A great new fantasy

Jake Hopkins, Opinion Editor

One hundred percent clean energy? No greenhouse gases? All electric cars? Unemployment at zero percent? You want it, the Green New Deal (GND) has it.
Alexandria Ocasio-Cortez (AOC), a freshman representative from New York who pioneered the plan, is making waves in Washington as she and other prominent Democrats push the agenda outlined in the deal.
The GND sounds fantastic in principle; it would seem to fix all of America’s problems with one simple piece of legislation. But while its fix-all approach seems to be the GND’s greatest strength, in reality it is its downfall.
The problem comes largely from trying to tackle many problems at once. Legislation that large is simply too difficult to pass and too difficult to implement.
A piece of legislation detailing a sufficient plan to combat climate change is controversial enough. Supporters of such a bill would have to fight tooth and nail to get actual climate change reform passed.
Don’t get me wrong, we need actual climate change reform to happen, and we need it soon.
However, when put in the same bill as universal employment (another thing the GND promises) it becomes just one of several near-impossible plans to pass.
As Rich Powell, an executive from Clear Path, a group that encourages conservative climate change reform, says, “The Green New Deal is not an ideal name if you want to attract bipartisan support; there’s a lot of distrust of these home-run giga-packages. It’s been a lot more effective to try to hit some singles and doubles.”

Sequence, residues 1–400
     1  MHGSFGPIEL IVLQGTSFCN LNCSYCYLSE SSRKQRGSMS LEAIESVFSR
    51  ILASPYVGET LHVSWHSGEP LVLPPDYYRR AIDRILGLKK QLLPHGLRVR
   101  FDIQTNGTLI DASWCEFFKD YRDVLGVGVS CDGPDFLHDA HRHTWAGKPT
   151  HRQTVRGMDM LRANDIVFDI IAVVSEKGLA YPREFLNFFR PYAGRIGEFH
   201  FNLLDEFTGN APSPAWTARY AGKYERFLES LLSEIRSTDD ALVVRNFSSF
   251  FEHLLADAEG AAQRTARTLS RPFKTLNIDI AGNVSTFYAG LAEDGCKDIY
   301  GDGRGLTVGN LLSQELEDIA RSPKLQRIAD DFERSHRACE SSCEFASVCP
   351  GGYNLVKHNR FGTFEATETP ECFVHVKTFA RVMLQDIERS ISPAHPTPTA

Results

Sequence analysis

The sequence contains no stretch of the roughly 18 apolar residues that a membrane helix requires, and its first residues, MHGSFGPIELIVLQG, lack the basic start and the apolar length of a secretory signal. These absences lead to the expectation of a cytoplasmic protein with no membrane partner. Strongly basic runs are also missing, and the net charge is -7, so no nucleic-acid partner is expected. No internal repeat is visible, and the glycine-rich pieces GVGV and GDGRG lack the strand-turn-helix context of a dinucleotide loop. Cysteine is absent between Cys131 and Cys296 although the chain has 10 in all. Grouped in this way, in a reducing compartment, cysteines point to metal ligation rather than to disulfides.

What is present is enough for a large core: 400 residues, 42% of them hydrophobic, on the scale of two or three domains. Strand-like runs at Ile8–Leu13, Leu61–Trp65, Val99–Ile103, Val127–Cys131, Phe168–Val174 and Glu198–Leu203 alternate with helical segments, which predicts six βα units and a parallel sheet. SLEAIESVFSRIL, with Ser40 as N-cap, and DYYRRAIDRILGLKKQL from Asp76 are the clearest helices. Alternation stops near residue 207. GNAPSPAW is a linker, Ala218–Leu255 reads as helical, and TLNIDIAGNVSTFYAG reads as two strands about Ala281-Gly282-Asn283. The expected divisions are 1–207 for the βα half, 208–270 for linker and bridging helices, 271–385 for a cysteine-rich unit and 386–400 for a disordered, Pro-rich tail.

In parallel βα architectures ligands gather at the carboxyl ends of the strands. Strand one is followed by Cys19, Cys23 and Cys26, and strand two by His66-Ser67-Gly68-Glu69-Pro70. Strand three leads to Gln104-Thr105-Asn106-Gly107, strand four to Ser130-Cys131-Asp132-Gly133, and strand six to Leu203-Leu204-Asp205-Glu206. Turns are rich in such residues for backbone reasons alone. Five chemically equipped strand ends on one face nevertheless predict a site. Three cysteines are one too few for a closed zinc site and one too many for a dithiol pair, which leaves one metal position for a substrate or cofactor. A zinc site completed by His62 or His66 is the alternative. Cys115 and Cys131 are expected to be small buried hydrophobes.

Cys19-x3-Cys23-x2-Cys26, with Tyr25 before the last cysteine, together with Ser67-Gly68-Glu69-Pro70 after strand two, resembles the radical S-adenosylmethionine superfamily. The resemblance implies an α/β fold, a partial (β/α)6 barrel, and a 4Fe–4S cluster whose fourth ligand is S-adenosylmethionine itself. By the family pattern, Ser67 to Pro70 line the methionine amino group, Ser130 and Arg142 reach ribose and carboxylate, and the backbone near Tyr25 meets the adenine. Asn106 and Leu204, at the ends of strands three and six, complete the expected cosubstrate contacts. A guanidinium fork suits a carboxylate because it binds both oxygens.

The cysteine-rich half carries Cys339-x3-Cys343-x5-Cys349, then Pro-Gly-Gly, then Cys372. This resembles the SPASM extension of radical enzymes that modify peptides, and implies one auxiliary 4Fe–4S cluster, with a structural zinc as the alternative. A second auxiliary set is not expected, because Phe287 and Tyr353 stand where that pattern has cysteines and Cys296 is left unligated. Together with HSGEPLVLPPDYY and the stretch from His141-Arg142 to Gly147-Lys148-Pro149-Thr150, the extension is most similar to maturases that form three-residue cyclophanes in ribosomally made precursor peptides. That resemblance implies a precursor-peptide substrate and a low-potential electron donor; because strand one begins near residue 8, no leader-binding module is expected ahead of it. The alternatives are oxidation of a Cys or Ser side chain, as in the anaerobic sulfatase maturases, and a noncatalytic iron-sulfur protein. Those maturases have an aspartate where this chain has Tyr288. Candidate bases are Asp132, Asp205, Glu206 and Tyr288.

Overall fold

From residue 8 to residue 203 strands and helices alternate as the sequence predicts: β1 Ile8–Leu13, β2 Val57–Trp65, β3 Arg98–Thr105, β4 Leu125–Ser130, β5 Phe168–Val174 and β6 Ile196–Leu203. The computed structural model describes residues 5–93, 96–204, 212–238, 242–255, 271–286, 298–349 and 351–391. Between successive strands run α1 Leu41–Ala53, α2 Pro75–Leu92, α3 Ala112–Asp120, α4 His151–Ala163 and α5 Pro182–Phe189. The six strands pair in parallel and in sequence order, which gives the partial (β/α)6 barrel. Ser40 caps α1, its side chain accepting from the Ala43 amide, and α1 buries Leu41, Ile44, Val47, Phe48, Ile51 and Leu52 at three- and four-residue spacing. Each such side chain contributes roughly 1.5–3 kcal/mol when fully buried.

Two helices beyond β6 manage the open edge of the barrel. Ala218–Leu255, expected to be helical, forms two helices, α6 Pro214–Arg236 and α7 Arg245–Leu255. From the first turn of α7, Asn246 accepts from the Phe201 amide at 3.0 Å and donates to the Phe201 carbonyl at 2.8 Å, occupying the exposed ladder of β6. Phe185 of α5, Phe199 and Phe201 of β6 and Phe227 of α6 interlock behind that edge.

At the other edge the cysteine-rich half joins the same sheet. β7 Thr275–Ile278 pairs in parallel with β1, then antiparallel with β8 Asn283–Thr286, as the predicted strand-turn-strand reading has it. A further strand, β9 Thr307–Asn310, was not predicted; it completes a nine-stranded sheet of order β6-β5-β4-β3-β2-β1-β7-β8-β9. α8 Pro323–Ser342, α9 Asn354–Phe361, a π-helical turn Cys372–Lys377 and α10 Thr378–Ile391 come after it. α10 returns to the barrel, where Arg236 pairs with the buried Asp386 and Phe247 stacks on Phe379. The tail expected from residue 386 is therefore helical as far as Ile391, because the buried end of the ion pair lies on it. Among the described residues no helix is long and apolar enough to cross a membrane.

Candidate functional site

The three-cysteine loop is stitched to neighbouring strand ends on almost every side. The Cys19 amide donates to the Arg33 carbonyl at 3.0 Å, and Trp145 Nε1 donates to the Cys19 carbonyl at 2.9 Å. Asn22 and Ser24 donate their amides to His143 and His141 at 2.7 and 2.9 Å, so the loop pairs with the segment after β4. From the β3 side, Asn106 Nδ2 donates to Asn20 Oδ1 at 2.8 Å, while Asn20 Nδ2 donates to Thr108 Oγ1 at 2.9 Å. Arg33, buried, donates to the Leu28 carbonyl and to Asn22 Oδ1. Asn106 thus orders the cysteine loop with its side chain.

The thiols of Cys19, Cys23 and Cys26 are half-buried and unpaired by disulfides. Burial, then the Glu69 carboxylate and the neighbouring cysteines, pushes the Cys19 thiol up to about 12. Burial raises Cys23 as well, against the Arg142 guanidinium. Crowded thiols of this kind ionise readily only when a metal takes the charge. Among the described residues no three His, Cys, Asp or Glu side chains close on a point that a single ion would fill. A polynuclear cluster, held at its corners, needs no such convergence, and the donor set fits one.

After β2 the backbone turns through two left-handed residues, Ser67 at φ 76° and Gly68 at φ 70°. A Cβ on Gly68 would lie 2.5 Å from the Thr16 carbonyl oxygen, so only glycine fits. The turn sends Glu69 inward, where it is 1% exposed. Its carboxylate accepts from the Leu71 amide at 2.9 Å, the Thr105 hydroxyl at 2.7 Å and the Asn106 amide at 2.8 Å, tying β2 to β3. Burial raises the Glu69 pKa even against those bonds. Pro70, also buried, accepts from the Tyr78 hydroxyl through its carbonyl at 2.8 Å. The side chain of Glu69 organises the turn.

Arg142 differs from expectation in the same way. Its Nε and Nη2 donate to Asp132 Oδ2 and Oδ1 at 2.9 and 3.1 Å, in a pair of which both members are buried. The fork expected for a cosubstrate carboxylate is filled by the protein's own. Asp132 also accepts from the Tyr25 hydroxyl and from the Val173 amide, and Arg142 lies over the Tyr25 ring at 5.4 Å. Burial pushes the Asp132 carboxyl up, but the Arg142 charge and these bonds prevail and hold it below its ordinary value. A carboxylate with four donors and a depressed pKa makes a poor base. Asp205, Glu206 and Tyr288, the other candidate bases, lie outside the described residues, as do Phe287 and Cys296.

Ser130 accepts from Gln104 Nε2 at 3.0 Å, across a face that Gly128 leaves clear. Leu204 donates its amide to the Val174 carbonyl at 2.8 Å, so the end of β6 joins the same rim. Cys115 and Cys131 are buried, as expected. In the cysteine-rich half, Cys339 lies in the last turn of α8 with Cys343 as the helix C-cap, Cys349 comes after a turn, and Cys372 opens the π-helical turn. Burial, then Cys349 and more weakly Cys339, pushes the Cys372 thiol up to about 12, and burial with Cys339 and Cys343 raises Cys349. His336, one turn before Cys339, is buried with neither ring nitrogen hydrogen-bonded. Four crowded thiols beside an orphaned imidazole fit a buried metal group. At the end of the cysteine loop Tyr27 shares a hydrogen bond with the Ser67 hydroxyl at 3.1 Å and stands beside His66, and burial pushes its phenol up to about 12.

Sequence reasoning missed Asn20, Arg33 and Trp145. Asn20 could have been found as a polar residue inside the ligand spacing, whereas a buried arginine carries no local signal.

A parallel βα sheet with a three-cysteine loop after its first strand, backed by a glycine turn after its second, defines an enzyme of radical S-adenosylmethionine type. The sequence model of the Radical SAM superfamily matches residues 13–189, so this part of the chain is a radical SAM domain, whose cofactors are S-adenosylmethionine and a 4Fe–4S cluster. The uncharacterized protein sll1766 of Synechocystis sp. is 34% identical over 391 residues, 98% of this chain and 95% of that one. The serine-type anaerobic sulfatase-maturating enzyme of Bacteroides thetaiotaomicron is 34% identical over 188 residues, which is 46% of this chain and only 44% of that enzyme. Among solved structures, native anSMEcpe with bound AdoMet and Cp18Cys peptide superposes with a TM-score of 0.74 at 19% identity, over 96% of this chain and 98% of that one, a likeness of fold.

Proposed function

AOC and the other Democrats in support of the GND need to take a step back and ask themselves what is possible, and realistic to pass. We need to pass legislation attacking each problem with complete focus, laying out detailed and functional plans for how to deal with the issues America is facing today.
We don’t need to have Democrats trying to force a miracle plan down the throats of Republicans and even moderate Democrats. So although the plan is great for gathering easy support from liberal voters, it shouldn’t be our focus right now.
Let me clarify: I like and agree with much of the policy within the GND and the energy that AOC has brought to Congress surrounding it, and the conversations surrounding climate change that it has inspired have been great. But that energy needs to be redirected to legislation that can be passed in a bipartisan fashion and truly help solve the problems faced by Americans today.